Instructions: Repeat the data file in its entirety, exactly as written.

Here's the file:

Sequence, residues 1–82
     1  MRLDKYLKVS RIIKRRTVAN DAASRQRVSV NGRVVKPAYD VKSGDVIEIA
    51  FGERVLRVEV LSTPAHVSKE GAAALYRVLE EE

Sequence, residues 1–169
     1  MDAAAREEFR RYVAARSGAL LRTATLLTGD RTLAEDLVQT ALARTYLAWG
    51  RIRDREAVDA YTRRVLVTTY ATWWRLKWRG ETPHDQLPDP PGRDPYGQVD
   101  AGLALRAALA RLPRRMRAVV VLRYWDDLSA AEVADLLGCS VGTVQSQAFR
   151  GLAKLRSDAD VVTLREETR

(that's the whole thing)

Sequence, residues 1–82
     1  MRLDKYLKVS RIIKRRTVAN DAASRQRVSV NGRVVKPAYD VKSGDVIEIA
    51  FGERVLRVEV LSTPAHVSKE GAAALYRVLE EE

Sequence, residues 1–169
     1  MDAAAREEFR RYVAARSGAL LRTATLLTGD RTLAEDLVQT ALARTYLAWG
    51  RIRDREAVDA YTRRVLVTTY ATWWRLKWRG ETPHDQLPDP PGRDPYGQVD
   101  AGLALRAALA RLPRRMRAVV VLRYWDDLSA AEVADLLGCS VGTVQSQAFR
   151  GLAKLRSDAD VVTLREETR